Since the release of the 2012 screening recommendations for prostate cancer, the controversy surrounding PSA testing and prostate cancer treatment has erupted and has lacked a clear direction and concise strategy. We, as urologists, have done a poor job educating the public and primary care practitioners on this heterogeneous, complex disease – one that remains the most common non-cutaneous malignancy in men and is the second leading cause of male cancer deaths, claiming the lives of over 26,000 men in 2016. Despite these statistics, many clinicians have lost confidence in PSA testing and are unclear of the significance of the test.
With the emergence of these newer blood and urine assays… we now have a clear-cut algorithmic approach in dealing with patients with elevated PSA and localized cancer.
In the last two years we have seen the emergence of blood and urine assays, radiologic studies, and genomic markers to better clarify the picture surrounding elevated PSA and prostate cancer management. In essence, we are individualizing the approach to each patient in an effort to reduce negative biopsies, identify lowrisk disease, and determine which cancers require a more aggressive approach. I would like to review in this article the current approach and utilization of these various tools for three distinct patient populations: Elevated PSA and previous negative biopsy, early-stage prostate cancer, and post-prostatectomy patients with high-risk features.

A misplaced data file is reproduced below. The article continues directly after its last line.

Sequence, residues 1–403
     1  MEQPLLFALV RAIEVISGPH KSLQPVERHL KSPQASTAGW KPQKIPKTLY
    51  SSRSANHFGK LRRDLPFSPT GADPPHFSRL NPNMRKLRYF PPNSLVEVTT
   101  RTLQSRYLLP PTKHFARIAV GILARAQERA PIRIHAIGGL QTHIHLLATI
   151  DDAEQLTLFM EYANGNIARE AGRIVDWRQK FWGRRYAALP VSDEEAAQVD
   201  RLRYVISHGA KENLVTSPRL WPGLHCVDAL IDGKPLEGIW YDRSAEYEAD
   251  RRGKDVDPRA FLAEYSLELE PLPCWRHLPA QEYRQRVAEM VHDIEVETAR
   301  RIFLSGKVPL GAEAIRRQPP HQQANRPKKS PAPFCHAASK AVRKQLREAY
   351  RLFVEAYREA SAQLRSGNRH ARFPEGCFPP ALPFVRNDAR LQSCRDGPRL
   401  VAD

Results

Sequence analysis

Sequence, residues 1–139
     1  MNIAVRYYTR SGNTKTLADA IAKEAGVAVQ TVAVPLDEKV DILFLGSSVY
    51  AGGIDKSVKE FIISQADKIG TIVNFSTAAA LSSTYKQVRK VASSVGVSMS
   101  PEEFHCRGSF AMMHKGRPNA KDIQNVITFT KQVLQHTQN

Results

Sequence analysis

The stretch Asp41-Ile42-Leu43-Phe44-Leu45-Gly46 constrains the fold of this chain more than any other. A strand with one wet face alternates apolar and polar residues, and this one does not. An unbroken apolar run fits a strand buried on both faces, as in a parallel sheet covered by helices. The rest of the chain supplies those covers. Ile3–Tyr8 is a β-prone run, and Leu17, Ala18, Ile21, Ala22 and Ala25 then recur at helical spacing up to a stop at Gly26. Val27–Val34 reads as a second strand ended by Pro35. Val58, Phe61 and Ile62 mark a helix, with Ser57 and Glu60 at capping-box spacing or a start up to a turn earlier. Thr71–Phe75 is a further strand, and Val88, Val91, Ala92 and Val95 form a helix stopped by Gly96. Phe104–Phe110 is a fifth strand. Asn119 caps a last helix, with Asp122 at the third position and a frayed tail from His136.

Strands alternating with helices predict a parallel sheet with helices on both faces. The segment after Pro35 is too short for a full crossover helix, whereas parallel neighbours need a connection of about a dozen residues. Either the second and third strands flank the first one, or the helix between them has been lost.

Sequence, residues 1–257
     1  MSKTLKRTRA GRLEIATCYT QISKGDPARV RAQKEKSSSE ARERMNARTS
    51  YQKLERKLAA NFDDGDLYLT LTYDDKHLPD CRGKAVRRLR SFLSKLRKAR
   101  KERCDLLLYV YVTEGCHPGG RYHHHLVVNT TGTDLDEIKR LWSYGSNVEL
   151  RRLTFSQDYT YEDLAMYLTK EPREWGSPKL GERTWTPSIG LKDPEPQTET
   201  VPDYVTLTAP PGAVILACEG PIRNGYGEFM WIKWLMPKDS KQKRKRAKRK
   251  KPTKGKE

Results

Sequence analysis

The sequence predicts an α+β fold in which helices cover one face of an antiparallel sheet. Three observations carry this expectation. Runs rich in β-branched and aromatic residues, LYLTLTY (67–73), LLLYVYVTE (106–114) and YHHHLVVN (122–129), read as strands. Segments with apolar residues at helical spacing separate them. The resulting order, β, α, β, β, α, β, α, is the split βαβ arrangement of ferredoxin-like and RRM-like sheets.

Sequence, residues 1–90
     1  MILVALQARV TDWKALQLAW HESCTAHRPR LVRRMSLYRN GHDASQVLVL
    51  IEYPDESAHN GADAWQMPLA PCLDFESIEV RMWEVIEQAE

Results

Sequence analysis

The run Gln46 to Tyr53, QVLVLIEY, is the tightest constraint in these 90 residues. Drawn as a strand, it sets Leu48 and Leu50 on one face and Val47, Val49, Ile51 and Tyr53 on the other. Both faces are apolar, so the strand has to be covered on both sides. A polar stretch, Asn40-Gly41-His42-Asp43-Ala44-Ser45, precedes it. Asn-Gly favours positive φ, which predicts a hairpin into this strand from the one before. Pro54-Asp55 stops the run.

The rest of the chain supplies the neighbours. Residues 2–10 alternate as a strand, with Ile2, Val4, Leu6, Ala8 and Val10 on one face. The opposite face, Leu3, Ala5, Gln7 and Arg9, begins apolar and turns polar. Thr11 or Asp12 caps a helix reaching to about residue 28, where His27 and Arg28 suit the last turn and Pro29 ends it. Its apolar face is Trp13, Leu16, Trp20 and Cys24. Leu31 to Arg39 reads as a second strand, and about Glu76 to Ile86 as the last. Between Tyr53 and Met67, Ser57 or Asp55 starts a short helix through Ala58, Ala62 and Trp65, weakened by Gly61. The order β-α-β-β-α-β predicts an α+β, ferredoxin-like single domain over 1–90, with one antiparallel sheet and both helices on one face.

For patients with an elevated PSA and previous negative biopsy, we now have in our armamentarium 4Kscore test, prostate health index (PHI), prostate cancer antigen-3 (PCA3), and Confirm MDx. 4Kscore and PHI are blood assays. PCA3 is a urine assay, and Confirm MDx assesses methylation status in three biomarkers of a previous biopsy specimen to determine the risk of having prostate cancer on subsequent biopsy. The advantage of many of these tests is not in their diagnostic accuracy, but in their negative predictive value (NPV) – i.e., the power of the negative.
4K test and PHI both utilize a proprietary formula, utilizing PSA and free PSA, to predict the chance of harboring an intermediate or high-grade cancer; i.e., Gleason score greater than or equal to 7. Both combine the prostate exam and their formula and have been validated in clinical studies to reduce the number of biopsies by over 50%, without compromising diagnostic accuracy. Prostate biopsies are associated with potential morbidity (i.e., four percent risk of serious UTI), and the application of these tests will reduce potential harm, improve overall safety, and further reduce total healthcare costs. PCA3 is another adjunct test using patients with previous negative biopsy to help identify those who may be harboring an occult, clinically significant disease. PCA3 is a gene specific to prostate tissue and is expressed in 95% of prostate cancer specimens. The PCA3 is isolated from the urine following a thorough prostate exam. Two independent studies from the United States and Europe reported that a PCA3 cutoff score of less than 35 has a specificity of 72% for detecting prostate cancer, and a negative predictive value (NPV) of 88%. The test is minimally invasive and helps with shared decision-making for patients and physicians considering repeat biopsy